My grandma has always lived in a small house with a beautiful garden, plenty of flowers and plants — and its daily visitors: bees and hummingbirds. But for economic issues, she had to move to an apartment last month.
She’s now in a 7th floor, with just a balcony where she takes care of a couple of flowers. The other day, I visited her and noticedshe felt quite homesick — she was recallingold times spent outside in the garden of her beloved home.
So I decided to make some Tissue Paper Craft to cheer her up. I made this mandala for her to hang on the balcony, near the flowerpots. And here, I’ll share my idea with you all.
Tissue Paper Craft
Level of difficulty: Medium
Time: 2 hours
The first thing we need for this Tissue Paper Craft is the design of the mandala. I wanted to make a hummingbird and flower, which symbolizes a lot to my grandma.
So here is the template I designed. You can also create your own model — just remember to connect the main figure to the edges of the mandala.
You can help yourself with a paperclip to fasten the template and carbon paper to the cardboard.
Once you’ve finished copying the design, you’ll get a sketch like this:
We need to keep only the outline of the drawing. Try to be neat and precise with the cuts to avoid cutting off the wrong piece..
You have to make two black figures, one for each side of the mandala. Once you finish, you’ll get something like this:
Then, cover each section using the tissue paper — mark and cut the shapes and glue them to the black outline. It’s important that we try to avoid wrinkles and make sure the paper is taut.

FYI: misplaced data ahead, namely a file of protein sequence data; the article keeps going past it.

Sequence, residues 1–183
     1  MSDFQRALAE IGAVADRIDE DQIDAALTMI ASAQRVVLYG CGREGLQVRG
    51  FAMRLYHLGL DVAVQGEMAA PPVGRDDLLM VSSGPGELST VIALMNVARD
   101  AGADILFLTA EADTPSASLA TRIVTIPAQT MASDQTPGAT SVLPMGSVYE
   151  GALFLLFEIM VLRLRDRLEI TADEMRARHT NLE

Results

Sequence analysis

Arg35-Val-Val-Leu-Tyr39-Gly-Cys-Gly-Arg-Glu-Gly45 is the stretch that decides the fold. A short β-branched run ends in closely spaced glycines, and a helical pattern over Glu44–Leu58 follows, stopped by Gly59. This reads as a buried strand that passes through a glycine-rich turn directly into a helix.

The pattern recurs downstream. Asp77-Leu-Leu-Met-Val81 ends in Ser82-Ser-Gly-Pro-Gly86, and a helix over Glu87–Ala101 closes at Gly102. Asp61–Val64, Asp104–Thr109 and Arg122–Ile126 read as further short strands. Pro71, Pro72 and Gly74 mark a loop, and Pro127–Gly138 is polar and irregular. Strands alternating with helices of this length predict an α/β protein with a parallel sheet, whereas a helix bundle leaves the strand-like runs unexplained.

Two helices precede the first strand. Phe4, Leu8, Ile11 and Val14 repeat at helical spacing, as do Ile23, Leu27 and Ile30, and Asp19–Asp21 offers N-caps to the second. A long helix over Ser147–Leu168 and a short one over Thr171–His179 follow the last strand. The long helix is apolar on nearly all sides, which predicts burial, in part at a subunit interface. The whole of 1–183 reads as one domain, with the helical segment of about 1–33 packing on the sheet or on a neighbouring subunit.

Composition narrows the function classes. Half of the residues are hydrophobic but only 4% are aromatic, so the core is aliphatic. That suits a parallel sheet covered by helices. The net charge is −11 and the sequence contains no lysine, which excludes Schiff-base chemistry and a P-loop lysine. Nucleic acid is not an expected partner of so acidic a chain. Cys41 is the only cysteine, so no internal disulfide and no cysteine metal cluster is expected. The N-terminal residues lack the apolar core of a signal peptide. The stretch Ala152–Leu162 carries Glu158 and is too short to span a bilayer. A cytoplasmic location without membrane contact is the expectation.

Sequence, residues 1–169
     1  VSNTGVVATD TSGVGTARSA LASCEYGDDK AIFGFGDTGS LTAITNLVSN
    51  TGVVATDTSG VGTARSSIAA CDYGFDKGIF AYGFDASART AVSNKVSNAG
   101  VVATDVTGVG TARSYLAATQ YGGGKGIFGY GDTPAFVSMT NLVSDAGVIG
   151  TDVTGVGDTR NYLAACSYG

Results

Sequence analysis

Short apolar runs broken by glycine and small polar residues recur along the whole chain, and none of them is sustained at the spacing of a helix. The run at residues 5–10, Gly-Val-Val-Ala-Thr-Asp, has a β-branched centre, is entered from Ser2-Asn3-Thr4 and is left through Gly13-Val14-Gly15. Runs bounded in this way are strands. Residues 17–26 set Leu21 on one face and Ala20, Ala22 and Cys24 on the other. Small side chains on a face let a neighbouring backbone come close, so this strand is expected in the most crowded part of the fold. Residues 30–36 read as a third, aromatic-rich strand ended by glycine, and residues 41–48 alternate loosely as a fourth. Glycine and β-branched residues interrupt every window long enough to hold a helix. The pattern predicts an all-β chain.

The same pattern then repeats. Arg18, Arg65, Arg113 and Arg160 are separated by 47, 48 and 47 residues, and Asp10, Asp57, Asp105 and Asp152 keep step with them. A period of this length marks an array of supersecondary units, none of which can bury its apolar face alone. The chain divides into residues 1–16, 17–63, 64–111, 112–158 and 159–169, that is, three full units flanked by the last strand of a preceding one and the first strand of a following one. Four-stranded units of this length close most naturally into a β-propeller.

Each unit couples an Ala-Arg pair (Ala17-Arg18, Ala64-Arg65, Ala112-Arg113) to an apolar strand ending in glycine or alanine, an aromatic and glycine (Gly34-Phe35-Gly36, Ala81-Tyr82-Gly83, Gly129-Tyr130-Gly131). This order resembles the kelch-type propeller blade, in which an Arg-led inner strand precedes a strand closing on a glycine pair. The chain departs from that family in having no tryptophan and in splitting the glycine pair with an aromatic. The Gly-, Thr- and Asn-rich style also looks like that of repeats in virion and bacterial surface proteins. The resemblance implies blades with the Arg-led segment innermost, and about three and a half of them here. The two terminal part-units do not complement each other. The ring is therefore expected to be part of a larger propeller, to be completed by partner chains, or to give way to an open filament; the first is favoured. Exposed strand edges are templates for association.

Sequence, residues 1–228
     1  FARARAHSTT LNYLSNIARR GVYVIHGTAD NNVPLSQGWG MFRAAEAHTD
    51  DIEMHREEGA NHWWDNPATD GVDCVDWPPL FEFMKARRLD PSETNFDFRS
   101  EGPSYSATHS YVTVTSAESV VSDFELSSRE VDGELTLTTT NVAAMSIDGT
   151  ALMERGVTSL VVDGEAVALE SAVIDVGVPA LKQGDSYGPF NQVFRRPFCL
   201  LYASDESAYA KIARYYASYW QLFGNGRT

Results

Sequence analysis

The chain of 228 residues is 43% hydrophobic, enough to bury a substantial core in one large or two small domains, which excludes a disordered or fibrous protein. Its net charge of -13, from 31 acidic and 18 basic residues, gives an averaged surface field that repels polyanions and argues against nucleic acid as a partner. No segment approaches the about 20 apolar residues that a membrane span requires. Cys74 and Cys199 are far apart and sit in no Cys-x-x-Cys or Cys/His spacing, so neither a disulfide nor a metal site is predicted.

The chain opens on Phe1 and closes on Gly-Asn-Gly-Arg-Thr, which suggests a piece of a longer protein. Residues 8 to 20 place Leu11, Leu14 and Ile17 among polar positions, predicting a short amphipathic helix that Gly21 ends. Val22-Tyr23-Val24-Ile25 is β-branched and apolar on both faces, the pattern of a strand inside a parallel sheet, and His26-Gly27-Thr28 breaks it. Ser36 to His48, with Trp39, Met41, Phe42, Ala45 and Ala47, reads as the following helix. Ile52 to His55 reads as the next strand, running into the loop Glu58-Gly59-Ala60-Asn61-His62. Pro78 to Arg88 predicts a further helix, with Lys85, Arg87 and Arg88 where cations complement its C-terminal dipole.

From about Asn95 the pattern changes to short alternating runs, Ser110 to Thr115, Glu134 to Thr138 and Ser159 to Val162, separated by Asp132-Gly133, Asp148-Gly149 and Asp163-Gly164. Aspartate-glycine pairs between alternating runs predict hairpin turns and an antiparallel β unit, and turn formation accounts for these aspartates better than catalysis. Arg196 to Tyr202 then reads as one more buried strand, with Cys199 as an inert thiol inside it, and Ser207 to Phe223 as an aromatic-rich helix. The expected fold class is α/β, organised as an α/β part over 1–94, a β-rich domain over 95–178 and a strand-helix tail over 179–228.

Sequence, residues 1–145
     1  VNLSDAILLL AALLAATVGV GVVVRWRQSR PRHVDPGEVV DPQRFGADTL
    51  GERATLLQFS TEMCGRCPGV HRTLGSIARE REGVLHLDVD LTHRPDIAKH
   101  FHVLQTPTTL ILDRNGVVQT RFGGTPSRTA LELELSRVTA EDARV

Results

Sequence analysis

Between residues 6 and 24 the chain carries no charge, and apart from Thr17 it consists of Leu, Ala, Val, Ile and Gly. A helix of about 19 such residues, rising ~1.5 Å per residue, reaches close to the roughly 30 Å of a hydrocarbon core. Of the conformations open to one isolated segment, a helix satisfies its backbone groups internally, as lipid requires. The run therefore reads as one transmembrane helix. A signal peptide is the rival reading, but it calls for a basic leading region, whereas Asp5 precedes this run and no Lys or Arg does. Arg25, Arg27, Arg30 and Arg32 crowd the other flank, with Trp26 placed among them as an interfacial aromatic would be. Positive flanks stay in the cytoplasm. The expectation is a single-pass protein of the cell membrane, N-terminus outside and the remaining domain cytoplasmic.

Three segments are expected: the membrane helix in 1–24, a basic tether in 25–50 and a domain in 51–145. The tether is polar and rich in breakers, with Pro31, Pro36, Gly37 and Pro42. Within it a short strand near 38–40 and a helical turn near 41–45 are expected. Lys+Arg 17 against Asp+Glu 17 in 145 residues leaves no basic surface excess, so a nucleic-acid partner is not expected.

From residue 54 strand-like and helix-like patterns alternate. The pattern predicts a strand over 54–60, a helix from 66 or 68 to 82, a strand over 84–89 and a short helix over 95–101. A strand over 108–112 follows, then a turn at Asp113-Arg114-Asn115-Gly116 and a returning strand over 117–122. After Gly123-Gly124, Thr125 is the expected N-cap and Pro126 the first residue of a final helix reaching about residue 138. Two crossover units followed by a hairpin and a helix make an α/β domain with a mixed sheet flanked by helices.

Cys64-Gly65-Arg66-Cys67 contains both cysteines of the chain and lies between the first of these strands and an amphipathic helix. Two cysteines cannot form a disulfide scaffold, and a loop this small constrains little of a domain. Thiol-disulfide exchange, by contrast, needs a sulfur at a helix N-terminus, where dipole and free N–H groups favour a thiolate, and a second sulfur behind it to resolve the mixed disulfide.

After covering the whole figure, it will look similar to this:
Finally, we have to tie a piece of string to the mandala. I chose a transparent fishing line and decided to add some beads. You can do as you like most!
And that’s all. We now got a colorful handmade mandala!
Now, hang it in a well-illuminated place... and enjoy the magic! This was my result:
Once I finished the mandala, I thought of ways of presenting it. I wanted it wrapped to impress my grandma when she opened the gift.
So here’s an economic and easy idea to present the mandala.
First, I decided to cut a circle in cardboard, the same size as the mandala. This serves as a base for the gift - since the mandala is quite fragile - but also to cover the design until the moment of unpacking.
Then, you just have to wrap the gift in cellophane, pulling the sides up, and tie it all together with a beautiful bow. It’s a simple but attractive packaging.
You can also make many of this mandala on special occasions :
In turn, this vitraux technique can be applied to other handcrafts: paper cards, souvenirs, kites, to mention some ideas.